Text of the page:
Question: In a suit 6-8-1989 was fixed for final hearing. On that date, the defendants moved an application for adjournment on the ground of illness. The prayer was allowed subject to payment of costs and 1-9-1989 was fixed for final hearing. On this date Counsel for both the parties were present.  Counsel for the defendants, after paying the costs,… Read More »

Question: In a suit 6-8-1989 was fixed for final hearing. On that date, the defendants moved an application for adjournment on the ground of illness. The prayer was allowed subject to payment of costs and 1-9-1989 was fixed for final hearing. On this date Counsel for both the parties were present. Counsel for the defendants, after paying the costs, moved another application for adjournment. This application was rejected by the Court. Thereupon Counsel for the defendants stated that he had...

Question: In a suit 6-8-1989 was fixed for final hearing. On that date, the defendants moved an application for adjournment on the ground of illness. The prayer was allowed subject to payment of costs and 1-9-1989 was fixed for final hearing. On this date Counsel for both the parties were present.

Counsel for the defendants, after paying the costs, moved another application for adjournment. This application was rejected by the Court. Thereupon Counsel for the defendants stated that he had no further instructions and was, therefore, withdrawing from the case.

The Court directed that the case would proceed under Order XVII, Rule 3, C.P.C. Thereafter, the plaintiff produced his evidence and closed the case. On 2-9-1989 the suit was decided on merits. Whether in these circumstances, an application under Order IX, Rule 13, C.P.C lies. Discuss.

Find the answer to the mains question only on Legal Bites. [In a suit 6-8-1989 was fixed for final hearing. On that date, the defendants moved an application for adjournment on the ground of illness. The prayer was allowed… The Court directed that the case would proceed under Order XVII, Rule 3, C.P.C… Whether in these circumstances, an application under Order IX, Rule 13, C.P.C lies. Discuss.]

Answer

Order 17, Rule 3 enacts that where any party to a suit whom time has been granted fails to produce his evidence, or to cause attendance of his witnesses or to perform any other act necessary to the further progress of the suit, for which time has been allowed, the Court may, notwithstanding such default, proceed to decide the suit forthwith.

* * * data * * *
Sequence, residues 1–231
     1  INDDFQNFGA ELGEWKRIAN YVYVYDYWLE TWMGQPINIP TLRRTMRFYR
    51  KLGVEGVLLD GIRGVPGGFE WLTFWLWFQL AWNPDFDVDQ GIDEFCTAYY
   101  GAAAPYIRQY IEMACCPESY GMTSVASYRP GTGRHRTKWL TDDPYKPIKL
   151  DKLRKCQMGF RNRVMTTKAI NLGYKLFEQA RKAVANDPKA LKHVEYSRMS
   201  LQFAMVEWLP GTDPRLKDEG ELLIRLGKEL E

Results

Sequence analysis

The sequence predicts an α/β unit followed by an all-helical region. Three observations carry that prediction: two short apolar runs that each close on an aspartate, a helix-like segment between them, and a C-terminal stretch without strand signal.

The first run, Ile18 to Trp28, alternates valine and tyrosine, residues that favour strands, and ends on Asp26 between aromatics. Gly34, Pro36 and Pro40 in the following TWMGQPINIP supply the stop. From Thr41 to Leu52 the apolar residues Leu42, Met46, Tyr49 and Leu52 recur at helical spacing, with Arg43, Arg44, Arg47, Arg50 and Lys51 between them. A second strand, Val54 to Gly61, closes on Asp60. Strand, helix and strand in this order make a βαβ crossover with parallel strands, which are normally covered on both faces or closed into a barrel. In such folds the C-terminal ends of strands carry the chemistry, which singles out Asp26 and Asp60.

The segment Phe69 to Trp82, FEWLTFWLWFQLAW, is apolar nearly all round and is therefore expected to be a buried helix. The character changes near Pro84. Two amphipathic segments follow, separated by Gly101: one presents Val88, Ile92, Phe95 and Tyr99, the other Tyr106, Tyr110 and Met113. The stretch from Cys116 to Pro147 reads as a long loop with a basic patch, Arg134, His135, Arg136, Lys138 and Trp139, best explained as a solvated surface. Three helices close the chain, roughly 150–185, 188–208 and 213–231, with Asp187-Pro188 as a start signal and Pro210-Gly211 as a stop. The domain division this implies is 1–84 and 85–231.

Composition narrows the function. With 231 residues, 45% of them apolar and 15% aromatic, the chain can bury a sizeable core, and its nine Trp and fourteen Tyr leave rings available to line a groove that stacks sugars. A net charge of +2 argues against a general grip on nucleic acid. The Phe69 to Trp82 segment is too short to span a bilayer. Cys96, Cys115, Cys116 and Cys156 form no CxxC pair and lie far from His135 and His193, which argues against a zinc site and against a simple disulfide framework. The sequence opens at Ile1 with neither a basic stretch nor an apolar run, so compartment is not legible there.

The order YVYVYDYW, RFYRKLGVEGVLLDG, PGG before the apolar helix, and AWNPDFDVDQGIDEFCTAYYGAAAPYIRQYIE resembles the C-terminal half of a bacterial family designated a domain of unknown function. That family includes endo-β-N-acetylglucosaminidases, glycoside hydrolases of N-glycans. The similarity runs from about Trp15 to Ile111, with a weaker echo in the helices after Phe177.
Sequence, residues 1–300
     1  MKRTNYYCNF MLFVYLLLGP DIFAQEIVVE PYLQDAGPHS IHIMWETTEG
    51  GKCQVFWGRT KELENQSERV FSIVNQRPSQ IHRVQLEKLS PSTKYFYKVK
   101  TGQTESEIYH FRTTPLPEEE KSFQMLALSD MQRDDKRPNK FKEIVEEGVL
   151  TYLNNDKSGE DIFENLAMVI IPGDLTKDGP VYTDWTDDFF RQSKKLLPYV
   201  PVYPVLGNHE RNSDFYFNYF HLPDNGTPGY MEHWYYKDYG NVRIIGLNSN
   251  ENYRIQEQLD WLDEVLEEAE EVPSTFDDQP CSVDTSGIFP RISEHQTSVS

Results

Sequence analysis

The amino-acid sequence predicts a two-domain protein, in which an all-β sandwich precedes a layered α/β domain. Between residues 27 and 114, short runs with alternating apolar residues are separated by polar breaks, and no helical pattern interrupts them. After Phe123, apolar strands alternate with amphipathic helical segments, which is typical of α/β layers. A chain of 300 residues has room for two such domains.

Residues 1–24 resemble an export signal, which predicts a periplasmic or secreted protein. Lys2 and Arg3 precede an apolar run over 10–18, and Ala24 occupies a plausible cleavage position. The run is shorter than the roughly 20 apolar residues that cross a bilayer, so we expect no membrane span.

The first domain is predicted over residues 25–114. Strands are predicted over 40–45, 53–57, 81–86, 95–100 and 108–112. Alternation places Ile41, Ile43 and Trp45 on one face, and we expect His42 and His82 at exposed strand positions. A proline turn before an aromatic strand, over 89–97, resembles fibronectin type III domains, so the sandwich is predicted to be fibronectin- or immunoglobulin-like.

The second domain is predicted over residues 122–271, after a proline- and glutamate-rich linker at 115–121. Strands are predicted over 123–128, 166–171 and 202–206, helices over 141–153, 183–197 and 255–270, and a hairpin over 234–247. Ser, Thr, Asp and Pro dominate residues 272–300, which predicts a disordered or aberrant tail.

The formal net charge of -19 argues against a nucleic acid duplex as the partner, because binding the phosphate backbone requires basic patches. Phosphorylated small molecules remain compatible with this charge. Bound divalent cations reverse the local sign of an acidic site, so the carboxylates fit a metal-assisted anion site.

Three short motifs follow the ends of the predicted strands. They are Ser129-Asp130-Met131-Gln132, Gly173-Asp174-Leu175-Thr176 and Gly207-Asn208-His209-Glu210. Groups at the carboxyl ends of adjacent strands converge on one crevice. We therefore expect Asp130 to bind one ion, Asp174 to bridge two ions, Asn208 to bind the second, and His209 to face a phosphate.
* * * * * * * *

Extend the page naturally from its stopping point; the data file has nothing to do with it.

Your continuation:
The ambit of this rule is that if a party is present in court, but fails to fulfil the requirements prescribed in the Rule for which time has been granted, the court would proceed to decide the suit forthwith. Emphasis is to be laid on the words “notwithstanding such default”. The default referred to is not one of non-appearance of the party but is one of non-compliance with the various steps taken for the progress of the suit for which time has been granted. If the case comes within the ambit of Rule 3, the provision of Order 9 has no application and the court is to decide the suit forthwith on merits.

In Gopal Singh v. Kailash Gir, AIR 1933 All 652 a Division Bench of this court pointed out that a distinction is to be drawn, between the case of a pleader who staves that he has no instructions for a limited purpose of making an application for adjournment, etc. The learned Judges observed that:

“the case of a pleader who says that he has no instructions does not come under the explanation to Rule 2 of Order 17. If we were to hold otherwise and accent the argument of the learned counsel for the appellant, we would be holding that it was impossible for a pleader who wishes to withdraw for representing a party to do so, and we do not consider that there is any authority under the explanation to this Rule or otherwise for such a proposition.”